As we start to deliver face-to-face teaching, with some students still not able to make it onto campus, it is a good time to think about teaching tools which can be used online and face-to-face. One inclusive way to think about our teaching is that exercises and tasks that students do in class should also be available for people to do at different times online. For example, a seminar discussion that a tutor initiates in class, should also be initiated within an online space for students present and not present at the seminar itself to engage in. Equally exercises and tasks that tutors ask people to do in class, should be equally possible for students to do online. In this blog post we will be considering some of the tools that you can use for teaching online and face-to-face. For each of the tools we will consider how you will give feedback to those engaging in the asynchronous task.
During a teaching session, you can provide a backchannel for students to discuss and share notes. Think of the Twitter feed of a conference – they are usually at their most active during the sessions and people tweet about what they have learnt. For your teaching, you might not want something as open as Twitter but you can provide a number of other tools, such as the ones I mention below. The backchannel is not limited to the teaching session either. Students can continue to use the backchannel through the period they are studying the topic and further into their studies.
Seminar discussions that you start in the seminar, can also be available for students to contribute to online. One way of doing this is through the Canvas Discussion feature. Because there is no automatic refresh of the page after another person posts, the best way to use Canvas Discussions is after the teaching session. For the most engaging discussions, ask provocative questions, which require personal reflection rather than responses that are right or wrong. The best way to make it work is to be active in the discussion yourself.
Padlet is the institutional online classroom “wall” where students and staff can share text, audio or video comments, links and even drawings. I have seen it used in classrooms, in groups or in solo tasks, to great effect. Depending on how you set the wall up students can leave each other comments and “like” each other’s contributions. Padlet could be used by students in the classroom and remote students at the same time. The Padlet can also be made available to students to do asynchronously in the students’ own time and the best way to do this is by embedding the Padlet within the Canvas site. Remember to leave instructions for the task.
Polleverywhere is the institutional classroom response system. For those of you who don’t know it, it allows you to ask questions of your students and for them to respond on their devices (typically phones but could be a laptop). The student responses are collected by the Polleverywhere system and can be displayed back to the students immediately. This could be used by students in the classroom and remote students at the same time. It can be embedded into your PowerPoint slides too. The teaching spaces on campus should all have the Polleverywhere for PowerPoint plugin installed but it is worth checking before you start your session. If you have one question or wish to use the Polleverywhere Survey question types, the Polleverywhere can be left open and students can respond in their own time. One way to do this would be to include a link question from your Online Study Platform, also known as Canvas.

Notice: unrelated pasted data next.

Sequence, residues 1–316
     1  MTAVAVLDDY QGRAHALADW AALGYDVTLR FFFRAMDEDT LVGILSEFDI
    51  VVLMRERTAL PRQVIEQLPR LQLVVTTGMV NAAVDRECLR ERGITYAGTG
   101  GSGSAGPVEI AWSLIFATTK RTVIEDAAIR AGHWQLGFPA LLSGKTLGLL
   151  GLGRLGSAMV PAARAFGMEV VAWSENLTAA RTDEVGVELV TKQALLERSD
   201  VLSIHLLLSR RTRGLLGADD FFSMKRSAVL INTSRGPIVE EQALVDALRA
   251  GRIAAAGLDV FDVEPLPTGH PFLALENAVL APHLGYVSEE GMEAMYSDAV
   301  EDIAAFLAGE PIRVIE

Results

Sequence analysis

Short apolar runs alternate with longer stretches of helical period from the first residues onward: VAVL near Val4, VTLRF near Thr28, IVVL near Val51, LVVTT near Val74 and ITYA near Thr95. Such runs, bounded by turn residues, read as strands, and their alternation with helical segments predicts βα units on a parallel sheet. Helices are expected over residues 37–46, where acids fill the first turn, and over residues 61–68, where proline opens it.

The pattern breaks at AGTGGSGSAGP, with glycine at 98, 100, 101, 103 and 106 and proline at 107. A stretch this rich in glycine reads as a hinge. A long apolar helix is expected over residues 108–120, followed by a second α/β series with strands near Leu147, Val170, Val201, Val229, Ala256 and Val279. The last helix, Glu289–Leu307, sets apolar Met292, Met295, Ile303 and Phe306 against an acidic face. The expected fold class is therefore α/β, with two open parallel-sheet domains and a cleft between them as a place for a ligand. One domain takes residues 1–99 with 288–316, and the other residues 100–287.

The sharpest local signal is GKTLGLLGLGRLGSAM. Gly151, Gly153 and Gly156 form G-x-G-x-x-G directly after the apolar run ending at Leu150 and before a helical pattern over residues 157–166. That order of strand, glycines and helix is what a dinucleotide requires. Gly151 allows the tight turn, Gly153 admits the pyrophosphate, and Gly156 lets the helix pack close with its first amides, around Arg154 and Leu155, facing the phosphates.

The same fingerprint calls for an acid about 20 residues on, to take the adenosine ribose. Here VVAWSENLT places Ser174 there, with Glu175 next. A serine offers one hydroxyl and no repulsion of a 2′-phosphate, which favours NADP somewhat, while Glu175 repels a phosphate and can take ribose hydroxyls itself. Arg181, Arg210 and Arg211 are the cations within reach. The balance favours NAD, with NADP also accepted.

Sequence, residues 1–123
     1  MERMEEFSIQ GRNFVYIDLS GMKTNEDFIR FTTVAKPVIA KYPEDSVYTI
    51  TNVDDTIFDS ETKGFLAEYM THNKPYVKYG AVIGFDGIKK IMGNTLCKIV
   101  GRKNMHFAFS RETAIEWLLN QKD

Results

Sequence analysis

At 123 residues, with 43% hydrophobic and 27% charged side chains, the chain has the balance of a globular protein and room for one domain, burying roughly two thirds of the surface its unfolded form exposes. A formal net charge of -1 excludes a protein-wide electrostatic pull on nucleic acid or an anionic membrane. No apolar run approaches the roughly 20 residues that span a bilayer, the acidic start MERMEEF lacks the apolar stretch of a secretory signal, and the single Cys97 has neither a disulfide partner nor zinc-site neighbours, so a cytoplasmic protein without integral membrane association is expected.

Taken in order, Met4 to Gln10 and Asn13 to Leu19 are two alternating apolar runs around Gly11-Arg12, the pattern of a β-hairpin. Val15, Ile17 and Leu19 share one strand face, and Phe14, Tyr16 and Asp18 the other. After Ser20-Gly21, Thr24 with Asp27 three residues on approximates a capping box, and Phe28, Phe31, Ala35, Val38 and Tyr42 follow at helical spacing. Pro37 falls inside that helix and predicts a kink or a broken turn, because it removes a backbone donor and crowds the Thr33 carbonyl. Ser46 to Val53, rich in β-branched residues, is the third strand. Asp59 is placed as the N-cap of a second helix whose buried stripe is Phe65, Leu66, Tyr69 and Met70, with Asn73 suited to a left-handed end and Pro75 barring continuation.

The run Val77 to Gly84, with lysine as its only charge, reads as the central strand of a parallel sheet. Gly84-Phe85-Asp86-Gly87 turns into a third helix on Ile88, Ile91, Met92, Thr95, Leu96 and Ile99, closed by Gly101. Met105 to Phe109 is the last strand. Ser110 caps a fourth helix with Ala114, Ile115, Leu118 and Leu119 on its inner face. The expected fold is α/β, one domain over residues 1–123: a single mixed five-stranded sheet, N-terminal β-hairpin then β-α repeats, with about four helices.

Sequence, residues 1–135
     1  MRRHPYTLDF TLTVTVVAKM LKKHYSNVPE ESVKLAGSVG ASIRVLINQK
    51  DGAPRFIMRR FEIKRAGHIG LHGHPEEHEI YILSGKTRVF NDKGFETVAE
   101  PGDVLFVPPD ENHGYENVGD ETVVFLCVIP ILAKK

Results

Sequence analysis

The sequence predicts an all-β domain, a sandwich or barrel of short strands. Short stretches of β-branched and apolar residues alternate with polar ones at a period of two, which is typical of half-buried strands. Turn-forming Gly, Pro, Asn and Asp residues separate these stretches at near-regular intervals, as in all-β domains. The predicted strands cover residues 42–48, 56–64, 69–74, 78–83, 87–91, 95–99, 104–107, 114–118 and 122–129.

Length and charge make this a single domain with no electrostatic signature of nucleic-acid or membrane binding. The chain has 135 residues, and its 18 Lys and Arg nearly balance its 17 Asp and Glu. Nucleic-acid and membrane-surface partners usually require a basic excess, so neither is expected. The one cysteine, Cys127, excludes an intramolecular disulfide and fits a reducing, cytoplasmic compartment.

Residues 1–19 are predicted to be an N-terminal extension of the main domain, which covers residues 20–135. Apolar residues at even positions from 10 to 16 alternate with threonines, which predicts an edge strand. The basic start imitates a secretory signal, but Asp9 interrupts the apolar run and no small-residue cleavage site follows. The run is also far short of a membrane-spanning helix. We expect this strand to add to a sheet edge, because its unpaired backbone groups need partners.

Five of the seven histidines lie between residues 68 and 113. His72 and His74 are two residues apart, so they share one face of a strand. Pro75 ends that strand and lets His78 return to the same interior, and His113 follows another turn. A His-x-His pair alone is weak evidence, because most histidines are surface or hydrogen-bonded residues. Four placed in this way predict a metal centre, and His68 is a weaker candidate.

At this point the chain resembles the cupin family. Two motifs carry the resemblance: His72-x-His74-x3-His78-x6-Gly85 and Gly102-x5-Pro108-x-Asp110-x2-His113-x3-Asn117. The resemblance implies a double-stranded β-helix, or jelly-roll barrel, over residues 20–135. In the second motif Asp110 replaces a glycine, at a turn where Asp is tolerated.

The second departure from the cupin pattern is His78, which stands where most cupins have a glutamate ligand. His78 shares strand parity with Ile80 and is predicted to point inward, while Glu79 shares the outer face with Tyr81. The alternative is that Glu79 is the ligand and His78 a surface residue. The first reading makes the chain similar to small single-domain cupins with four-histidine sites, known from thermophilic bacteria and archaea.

Shared documents are online text, slides or spreadsheets, shared with your students. The supported space at Sussex is Microsoft OneDrive, which opens documents in Office 365 applications. Another option is Google Drive and their related Apps. Sussex staff and students have a terabyte of free space on OneDrive and unlimited space on Google Drive if they log in using their Sussex username and password.
When you set work for students to complete in class, remote students can also contribute to these shared documents which exist online. The contributions to the shared document can be simultaneous but also can be asynchronous and people can contribute at their own pace. You can link online documents from your Canvas page so everyone can contribute.
During face-to-face teaching sessions you naturally respond and give feedback to student contributions to the session at the time. This can be more difficult when some of your students are face-to-face and others are online. It can be even more time consuming when some of your students are contributing to discussions or completing tasks during the teaching session and others are doing it during the week. The key to making this work is good communication. You should dedicate some time to responding to the online students. If this is going to be later in the week then let them know when you will be doing it. Also, try to activate students to give each other feedback before you do. Student peers are fundamental to student engagement and learning. If you can use them to help each other within either a collaborative or (light-heartedly) competitive environment, this will increase their engagement, motivation and enjoyment for the topic you are teaching.
Many of the online tools can be used to support students in your face-to-face teaching sessions at the same time as students who are accessing remotely and those who cannot attend at the time. Using these tools will not only benefit the remote students. It improves the inclusivity of your teaching so more of your students can engage in your teaching materials. If you would like to discuss options for peer feedback please contact firstname.lastname@example.org